Innovations in Transportable Healthcare Architecture is the first book to examine the ways that healthcare architecture can provide better assistance in disaster-stricken communities.
Aimed at architects and other professionals working across the disaster relief sector, it provides:
- An overview of the need for rapid response healthcare facilities;
- Global case studies which demonstrate real examples;
- Historical perspectives on redeployables used in past military and civilian contexts;
- Analysis of the advantages, challenges, and opportunities associated with offsite, premanufactured healthcare facilities and their component systems, for permanent installations or reuse on multiple sites;
- Planning and design considerations for transportable offsite-built healthcare architecture;
- State-of-the-art research on pop-up clinics, truck-based configurations, ISO container-based outpatient clinical and trauma care centres, and modularized facilities for contemporary military and civilian contexts.
Innovations in Transportable Healthcare Architecture will be an invaluable reference source for architects, disaster mitigation planners, design and engineering practitioners, non-governmental medical aid organizations (NGOs), governmental health ministries, and policy specialists across the spectrum of disciplines engaged in disaster mitigation and the provision of healthcare in medically underserved communities globally.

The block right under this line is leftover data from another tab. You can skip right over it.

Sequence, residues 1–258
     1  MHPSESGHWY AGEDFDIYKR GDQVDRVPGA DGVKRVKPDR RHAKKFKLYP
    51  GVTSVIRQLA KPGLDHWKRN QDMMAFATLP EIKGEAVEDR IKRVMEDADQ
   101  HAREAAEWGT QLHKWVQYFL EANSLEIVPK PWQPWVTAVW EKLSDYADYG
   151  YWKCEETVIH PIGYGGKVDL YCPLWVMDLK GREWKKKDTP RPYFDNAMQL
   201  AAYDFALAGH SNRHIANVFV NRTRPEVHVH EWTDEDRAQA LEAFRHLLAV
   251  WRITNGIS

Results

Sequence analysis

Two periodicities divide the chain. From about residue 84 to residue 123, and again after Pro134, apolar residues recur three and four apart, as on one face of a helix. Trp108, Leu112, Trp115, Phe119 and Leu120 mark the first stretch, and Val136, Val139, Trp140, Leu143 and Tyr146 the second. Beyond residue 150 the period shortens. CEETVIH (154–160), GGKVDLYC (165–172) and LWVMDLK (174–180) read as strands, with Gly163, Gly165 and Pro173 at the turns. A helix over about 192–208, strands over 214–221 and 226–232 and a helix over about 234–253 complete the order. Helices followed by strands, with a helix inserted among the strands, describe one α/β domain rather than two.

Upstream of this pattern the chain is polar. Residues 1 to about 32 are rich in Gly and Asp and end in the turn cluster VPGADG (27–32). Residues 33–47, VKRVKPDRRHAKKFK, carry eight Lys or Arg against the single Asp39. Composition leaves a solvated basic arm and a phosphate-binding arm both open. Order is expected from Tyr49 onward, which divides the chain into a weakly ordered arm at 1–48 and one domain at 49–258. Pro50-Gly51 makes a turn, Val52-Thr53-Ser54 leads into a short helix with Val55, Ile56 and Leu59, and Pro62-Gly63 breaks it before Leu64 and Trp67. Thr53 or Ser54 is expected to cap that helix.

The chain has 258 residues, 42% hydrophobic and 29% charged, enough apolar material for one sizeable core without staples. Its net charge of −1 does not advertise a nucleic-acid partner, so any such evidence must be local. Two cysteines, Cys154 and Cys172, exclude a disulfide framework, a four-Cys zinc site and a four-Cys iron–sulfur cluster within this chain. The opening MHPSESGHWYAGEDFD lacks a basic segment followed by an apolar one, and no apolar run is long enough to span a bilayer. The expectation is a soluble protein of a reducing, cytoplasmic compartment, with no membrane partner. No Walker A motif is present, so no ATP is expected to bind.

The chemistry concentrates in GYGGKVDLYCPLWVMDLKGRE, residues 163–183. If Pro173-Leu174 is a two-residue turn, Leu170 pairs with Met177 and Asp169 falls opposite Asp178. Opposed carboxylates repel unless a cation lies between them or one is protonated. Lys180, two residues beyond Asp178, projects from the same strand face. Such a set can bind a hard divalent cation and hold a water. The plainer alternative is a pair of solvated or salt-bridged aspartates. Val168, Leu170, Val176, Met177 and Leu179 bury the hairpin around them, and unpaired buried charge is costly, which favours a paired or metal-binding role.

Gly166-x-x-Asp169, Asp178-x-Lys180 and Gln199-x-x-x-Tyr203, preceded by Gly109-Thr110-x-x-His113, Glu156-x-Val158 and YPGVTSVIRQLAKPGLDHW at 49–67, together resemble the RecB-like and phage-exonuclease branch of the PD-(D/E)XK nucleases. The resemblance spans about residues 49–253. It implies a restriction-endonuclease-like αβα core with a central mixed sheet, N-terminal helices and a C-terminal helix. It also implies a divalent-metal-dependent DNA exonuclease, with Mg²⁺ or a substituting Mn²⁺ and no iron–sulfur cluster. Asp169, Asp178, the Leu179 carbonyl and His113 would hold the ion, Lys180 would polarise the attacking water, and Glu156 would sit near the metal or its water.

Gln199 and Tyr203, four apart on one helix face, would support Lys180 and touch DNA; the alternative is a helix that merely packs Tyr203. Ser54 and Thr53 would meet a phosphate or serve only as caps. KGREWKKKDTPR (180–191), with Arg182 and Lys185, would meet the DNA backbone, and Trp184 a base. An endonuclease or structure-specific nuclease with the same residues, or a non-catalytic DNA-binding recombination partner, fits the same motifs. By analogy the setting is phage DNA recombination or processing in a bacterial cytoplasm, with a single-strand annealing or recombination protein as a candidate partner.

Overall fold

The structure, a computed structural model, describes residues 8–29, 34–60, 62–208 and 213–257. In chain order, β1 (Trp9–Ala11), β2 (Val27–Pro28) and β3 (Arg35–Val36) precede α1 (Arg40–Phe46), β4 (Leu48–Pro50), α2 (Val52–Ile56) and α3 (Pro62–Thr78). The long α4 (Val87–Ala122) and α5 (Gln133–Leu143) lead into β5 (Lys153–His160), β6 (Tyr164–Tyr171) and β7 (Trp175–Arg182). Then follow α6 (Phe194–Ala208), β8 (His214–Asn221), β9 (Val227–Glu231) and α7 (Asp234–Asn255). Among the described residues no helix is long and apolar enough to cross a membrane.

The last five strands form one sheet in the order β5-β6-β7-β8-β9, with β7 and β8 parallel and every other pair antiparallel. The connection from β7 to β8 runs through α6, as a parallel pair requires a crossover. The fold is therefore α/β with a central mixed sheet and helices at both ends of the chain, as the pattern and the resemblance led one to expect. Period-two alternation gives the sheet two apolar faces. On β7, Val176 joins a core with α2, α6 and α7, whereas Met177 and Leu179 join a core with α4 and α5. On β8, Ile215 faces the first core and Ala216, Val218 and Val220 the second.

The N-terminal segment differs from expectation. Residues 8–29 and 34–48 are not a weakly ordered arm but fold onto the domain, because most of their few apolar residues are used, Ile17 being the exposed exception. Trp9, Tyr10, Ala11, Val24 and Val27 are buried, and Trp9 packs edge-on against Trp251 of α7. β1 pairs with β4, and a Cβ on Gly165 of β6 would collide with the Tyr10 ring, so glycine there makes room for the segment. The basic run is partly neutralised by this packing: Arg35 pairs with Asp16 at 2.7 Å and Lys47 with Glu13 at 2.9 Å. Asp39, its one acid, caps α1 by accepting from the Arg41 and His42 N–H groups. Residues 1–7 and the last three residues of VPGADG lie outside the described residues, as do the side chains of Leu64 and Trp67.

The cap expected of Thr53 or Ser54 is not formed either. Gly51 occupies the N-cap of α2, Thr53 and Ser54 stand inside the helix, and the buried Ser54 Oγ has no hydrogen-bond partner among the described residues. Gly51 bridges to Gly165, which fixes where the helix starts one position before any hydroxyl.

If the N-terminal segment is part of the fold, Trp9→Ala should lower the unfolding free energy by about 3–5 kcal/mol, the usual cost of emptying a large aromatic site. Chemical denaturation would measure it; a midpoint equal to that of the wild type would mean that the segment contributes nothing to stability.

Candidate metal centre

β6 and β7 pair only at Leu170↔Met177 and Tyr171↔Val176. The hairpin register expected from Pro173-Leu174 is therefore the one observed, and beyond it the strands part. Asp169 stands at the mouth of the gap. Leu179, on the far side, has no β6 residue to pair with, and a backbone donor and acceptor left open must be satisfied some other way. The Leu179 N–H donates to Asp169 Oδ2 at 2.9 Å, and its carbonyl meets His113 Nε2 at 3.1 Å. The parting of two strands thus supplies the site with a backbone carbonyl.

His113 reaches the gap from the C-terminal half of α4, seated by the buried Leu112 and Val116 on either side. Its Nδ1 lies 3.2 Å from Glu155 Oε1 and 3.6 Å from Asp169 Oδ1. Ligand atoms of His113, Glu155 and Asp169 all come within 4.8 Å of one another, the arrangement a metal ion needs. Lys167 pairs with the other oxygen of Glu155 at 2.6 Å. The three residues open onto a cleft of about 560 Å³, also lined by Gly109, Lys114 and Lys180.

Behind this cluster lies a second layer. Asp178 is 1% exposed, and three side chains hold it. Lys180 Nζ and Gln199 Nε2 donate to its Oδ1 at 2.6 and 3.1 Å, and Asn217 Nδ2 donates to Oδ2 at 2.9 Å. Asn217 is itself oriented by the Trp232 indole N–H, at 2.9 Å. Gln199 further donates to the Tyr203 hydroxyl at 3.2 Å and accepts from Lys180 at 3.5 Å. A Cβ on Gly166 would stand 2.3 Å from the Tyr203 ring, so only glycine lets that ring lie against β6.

Table of Contents
Illustration Credits Acknowledgements Part 1: Background 1. Introduction 2. Transportables for Health: A Brief Modern History 3. OFFSITE Part 2: Design 4. Pop-Up Clinics 5. Planning and Design Considerations for Transportable Healthcare Part 3: Case Studies 6. Case Studies 1-18 Appendices 1. Installation Sites 7-18 in New Orleans and Charleston 2. Four Interviews Postscript Notes Index
Stephen Verderber is an award-winning scholar, researcher, and registered architect whose core specialty is architecture, design therapeutics, and health. He is a Professor at the John H. Daniels Faculty of Architecture, Landscape, and Design, and the Dalla Lana School of Public Health, at the University of Toronto. He holds a doctorate in architecture from the University of Michigan and is co-founder of R-2ARCH. His many publications include Innovations in Hospice Architecture (2005), Innovations in Hospital Architecture (2010), and Sprawling Cities and Our Endangered Public Health (2012).